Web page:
Smoking, Children and Family Law

Smoking Considered by BC Supreme Court in Family Law


Smoking an issue in  custody  considered by court

Yeung v. Yeung, 2001 BCSC 1111 (CanLII)

Date: 2001-08-02

Docket: D105574



Yeung v. Yeung




2001 BCSC 1111

Docket: D105574


Registry: Vancouver
















Counsel for the Petitioner:

R.L. Taylor

The Respondent, Chak Shun Yeung: Appearing in person

Date and Place of Hearing/Trial:

May 10, June 29, July 12, August 1, 2001

Vancouver, B.C.

Health of the Children

[18] Ms. Yeung testified that the children have complained about Mr. Yeung's smoking on his access visits. It was evident from Mr. Yeung's person and the papers he presented to the Court that he is a very heavy smoker. He testified that he will give up smoking if awarded custody of the children. I take this as recognition that his smoking may affect the children's health.


Smoking and Relationships

more than Half (56%) Would Not Date A Smoker

Six in Ten (61%) Say a Dates Smoking Would Decrease Their Attractiveness

February 9, 2005

Canadian Press logo

Smoke-free apartments in Winnipeg

Canadian Press
 September 20, 2006

WINNIPEG -- Smokers in search of an apartment in Winnipeg will soon have fewer buildings to choose from now that one of the city's largest landlords has opted to go smoke-free.

Globe General Agencies, which manages about 5,000 units across the city and thousands Read More ..ross parts of Canada, will ban smoking for all new tenants moving into its 75 buildings as of Oct. 1.

Existing tenants who smoke will be allowed to continue, but the company sees the policy as a first step toward making all its buildings entirely smoke-free, said president Richard Morantz.

"Really this is just all part of providing a safe and healthy environment for our tenants," Morantz said Tuesday.  Read More ..

The Globe and Mail

Parents abuse children by smoking, group says

The Globe and Mail
January 21, 2003

Exposing children to second-hand smoke is tantamount to child abuse, the Canadian Lung Association says.

In a controversial statement released Monday to mark Non-Smoking Week, the venerable charitable organization called on parents to stop smoking in the home because they are endangering the health of their children.

"Children who are exposed to second-hand smoke are victims in their own homes - the very environment that is supposed to be safe and protective," said Noel Kerin, an occupational and environmental medicine specialist and medical spokesman for the lung association. The century-old charity was formed to combat tuberculosis, but has turned its attention to a variety of lung issues, including smoking.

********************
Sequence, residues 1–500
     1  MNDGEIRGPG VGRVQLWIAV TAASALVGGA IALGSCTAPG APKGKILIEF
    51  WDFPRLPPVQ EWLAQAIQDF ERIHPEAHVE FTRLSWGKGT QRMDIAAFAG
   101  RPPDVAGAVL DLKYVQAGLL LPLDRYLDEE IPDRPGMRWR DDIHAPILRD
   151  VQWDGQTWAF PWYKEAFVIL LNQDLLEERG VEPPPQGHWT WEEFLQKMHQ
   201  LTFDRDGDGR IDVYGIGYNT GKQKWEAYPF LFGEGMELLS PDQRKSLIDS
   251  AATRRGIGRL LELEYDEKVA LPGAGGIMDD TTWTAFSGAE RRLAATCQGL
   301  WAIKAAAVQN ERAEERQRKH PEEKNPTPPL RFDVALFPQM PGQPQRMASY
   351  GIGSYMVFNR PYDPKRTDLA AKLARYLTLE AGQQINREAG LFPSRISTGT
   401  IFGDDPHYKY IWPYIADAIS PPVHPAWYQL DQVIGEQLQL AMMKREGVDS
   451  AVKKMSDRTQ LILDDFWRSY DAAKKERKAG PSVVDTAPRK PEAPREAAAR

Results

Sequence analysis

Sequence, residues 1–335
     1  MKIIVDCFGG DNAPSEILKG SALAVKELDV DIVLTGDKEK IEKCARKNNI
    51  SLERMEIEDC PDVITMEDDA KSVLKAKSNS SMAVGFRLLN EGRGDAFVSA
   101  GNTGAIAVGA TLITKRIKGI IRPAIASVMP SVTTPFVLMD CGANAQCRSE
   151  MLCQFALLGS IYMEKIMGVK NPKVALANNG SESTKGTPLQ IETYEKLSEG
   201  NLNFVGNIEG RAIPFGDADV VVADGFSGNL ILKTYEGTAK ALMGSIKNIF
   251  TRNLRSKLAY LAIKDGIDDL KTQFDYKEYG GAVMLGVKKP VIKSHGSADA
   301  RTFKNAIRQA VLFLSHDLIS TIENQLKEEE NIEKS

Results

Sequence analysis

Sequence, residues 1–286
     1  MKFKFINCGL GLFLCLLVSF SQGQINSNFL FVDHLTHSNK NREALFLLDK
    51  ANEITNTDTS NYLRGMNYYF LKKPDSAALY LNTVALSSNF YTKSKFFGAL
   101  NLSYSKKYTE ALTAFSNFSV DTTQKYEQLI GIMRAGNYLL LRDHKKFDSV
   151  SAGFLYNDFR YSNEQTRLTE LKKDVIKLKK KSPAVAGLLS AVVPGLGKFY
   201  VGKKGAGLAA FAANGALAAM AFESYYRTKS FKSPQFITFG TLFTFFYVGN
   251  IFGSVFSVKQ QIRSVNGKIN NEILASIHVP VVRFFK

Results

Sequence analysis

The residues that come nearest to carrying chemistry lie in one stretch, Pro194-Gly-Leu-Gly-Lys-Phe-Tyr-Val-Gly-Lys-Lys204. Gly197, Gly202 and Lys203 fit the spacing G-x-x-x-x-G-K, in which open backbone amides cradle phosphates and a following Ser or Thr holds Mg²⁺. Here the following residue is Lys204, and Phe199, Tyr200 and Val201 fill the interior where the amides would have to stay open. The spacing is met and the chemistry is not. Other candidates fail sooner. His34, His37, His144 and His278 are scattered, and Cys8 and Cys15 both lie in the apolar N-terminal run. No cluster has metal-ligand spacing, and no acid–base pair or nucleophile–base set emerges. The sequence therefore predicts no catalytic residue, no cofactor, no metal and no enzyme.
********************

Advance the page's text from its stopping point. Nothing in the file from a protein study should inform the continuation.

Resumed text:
"Second-hand smoke is damaging to a child's health and is tantamount to child abuse. The evidence is too compelling to present it in half measures or to worry about political correctness. We have a significant social and health problem that needs public attention and the associated pressure of public intolerance to correct it."   Read More ..

Toronto Star logo

Smokers - the new deviants

The Toronto Star
Aug. 20, 2006

Smokers need not apply," ran a classified ad for a job in Ireland this past May.

"Why not?" asked Catherine Stihler, a British Labour party MEP, who posed the question on behalf of one of her constituents. Should women not apply, either? Or homosexuals? Muslims? What about high-functioning alcoholics, or fat people?

The answer, from the European Commission that oversees anti-discrimination legislation in the EU, came back to Stihler this month: Smokers are fair game for discrimination.

Family Court Rules No Smoking Allowed in Family Home or Cars

The Canadian Children's Rights Council has seen numerous cases like this in most provinces or territories.

August 18, 2006

While the children are under the primary care of the petitioner, she shall not permit the children to be exposed to secondhand smoke. Specifically, there shall be no smoking within the family home at Fort St. James nor the family vehicle.   Read More ..

Smoking Case

Muskoka, Ontario

Superior Court of Justice

COURT FILE NO.:  153-03
DATE: 2004-04-27
N.C. smokes tobacco products.

The father of the children, S.S., smokes tobacco products.  N.C.'s mother, D.C., also smokes tobacco products.  The public health nurse stresses that the children were born premature and that tobacco smoke is an aggravating factor for Sudden Infant Death Syndrome, otherwise known as SIDS. 

When father resided with the family, he and N.C. did not agree that tobacco smoke was hazardous to health of the children.  They continued to smoke tobacco products.  This was evidenced by full ashtrays being observed in the residence when workers attended.  In addition, N.C. openly said to the public health nurse that she did not believe that second hand smoke was hazardous to the health of her children.  Read More ..